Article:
It’s been 20 years since I graduated from college. Not sure where the time went. I won’t be going to my reunion, but I’ll be posting blogs this month about some of my favorite college memories. Here’s one now.
My college was like a summer camp. No, we didn’t do arts and crafts or canoe. Rather, just like summer camp in the movies, the boys lived on one side of the lake and the girls lived on the other side. (Within the last decade, the school changed things up and there are men’s and women’s dorms on both sides of the lake. I can’t say I’m a fan. I liked the tradition.)
The lake is in the middle of campus, and there are two ways to cross it. At the very far end is the student commons building, which serves the dual purpose of housing the bookstore and providing a way to cross the lake. At the other end of the lake is a wooden bridge. In the middle of that bridge is a gazebo, a place that reportedly served as the location for many a marriage proposal on campus.
On the one side of the lake were the men’s dorms and the classroom buildings. For the women, that meant a hike across campus to get to class. (Or at night, women could catch a ride on the eloquently named “rape van,” which provided safe rides to females across campus.) On the other side were the women’s dorms and the dining hall. For the men, that meant a hike across campus to eat their meals.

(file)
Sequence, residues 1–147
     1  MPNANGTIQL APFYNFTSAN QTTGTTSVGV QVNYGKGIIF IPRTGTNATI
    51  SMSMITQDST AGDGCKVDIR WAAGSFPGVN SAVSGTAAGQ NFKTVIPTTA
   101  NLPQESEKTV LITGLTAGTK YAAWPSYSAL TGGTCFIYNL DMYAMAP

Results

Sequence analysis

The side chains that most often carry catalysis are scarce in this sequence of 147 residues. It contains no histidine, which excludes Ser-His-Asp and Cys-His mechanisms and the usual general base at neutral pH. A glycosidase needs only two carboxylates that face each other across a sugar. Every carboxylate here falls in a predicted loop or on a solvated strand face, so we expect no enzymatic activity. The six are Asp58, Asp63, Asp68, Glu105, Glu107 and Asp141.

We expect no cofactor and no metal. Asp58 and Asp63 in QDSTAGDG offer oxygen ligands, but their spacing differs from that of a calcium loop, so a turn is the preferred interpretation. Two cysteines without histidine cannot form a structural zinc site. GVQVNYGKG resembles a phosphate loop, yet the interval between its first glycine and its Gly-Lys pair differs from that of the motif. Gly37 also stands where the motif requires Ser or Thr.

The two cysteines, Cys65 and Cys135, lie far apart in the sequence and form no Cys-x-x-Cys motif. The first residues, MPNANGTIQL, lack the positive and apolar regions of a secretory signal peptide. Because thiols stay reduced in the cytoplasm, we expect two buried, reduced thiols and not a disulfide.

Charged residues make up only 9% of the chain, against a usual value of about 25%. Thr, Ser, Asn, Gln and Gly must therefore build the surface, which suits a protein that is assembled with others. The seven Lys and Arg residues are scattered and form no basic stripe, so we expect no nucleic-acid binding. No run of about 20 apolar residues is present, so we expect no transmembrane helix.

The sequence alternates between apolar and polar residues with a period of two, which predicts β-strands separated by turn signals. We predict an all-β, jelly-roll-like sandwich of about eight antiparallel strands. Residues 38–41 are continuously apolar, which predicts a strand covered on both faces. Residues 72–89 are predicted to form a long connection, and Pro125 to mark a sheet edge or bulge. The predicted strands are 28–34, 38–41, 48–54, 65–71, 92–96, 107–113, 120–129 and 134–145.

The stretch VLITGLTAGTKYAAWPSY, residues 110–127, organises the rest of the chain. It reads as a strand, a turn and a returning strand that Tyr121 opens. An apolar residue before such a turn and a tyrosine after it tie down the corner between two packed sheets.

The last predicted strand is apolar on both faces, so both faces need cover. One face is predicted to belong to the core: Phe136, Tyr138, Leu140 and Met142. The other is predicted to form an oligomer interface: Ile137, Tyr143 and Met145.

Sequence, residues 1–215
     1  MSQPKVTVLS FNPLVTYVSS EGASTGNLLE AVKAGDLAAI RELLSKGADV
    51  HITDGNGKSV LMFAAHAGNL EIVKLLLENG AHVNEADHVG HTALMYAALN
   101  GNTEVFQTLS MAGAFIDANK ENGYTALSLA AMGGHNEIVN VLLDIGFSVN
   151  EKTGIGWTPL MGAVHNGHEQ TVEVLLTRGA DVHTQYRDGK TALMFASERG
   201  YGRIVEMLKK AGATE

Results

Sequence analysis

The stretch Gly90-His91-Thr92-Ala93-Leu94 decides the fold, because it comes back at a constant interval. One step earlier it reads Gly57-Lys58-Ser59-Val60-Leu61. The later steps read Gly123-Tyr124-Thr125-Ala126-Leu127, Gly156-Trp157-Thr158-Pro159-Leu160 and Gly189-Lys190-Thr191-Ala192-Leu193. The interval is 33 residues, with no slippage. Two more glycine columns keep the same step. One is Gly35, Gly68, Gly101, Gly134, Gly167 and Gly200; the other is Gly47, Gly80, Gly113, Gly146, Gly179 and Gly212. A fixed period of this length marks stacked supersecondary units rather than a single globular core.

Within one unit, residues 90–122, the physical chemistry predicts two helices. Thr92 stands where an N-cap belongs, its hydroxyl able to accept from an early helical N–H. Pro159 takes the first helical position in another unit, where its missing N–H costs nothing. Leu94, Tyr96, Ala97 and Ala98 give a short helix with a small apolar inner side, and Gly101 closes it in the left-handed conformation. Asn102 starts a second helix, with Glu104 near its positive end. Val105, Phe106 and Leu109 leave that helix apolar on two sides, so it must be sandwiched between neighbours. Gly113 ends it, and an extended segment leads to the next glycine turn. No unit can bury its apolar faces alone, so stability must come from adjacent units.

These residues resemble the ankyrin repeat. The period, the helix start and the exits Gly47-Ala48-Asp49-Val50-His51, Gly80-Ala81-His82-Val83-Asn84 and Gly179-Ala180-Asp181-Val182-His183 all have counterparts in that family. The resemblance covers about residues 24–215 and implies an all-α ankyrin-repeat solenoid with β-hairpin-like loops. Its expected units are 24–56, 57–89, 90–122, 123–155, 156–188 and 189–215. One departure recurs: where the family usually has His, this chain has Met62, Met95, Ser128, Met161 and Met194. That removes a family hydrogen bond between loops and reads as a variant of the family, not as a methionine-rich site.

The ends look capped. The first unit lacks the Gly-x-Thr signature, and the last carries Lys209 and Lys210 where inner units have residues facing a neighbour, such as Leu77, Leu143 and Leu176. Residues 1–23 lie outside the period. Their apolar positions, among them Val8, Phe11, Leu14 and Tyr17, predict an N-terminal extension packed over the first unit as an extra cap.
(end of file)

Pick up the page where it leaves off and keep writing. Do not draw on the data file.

Part of our required health and fitness class was a mandatory swim test. As legend had it, the test was added after someone had drowned in the lake years before. While most of us took the class our freshman year to get it out of the way, there was no reason why students couldn’t take it senior year. And walk around the lake for four years without knowing whether they could swim with all their clothes on.
My friends and I decided we would go swimming in the lake before we graduated. We thought about jumping in the last weekend of our freshman year, but we decided that the lake should be a senior year “thing.” So we took a dip in the fountain outside the classroom buildings. By junior year, I decided to take the plunge and jumped in the lake off the wooden bridge one random night. There was no great significance to it, and to this day I don’t remember who I did it with. All I do remember is that I didn’t take off my shoes because there was no way in hell I was going to touch the bottom with my bare feet.
My senior year, there were a few girls visiting from another college, and talked turned to the lake. One of the girls asked, “How do you cross the lake?”
Before I had a chance to respond, one of our male friends answered, “We swim.”
We swim? I didn’t stop him because I had to hear this.
“With scuba gear.”
“The fraternities and sororities have boxes with scuba gear on each side of the lake. That how we get across.”
“Really?!?” the visitor asked in amazement.
“No! Not really!” I responded in amazement. I know. I’m never any fun.
The stories are great, but the most important thing about the lake is that it is the most picturesque location on campus and it sealed my decision to go there. And for that, I thank the lake.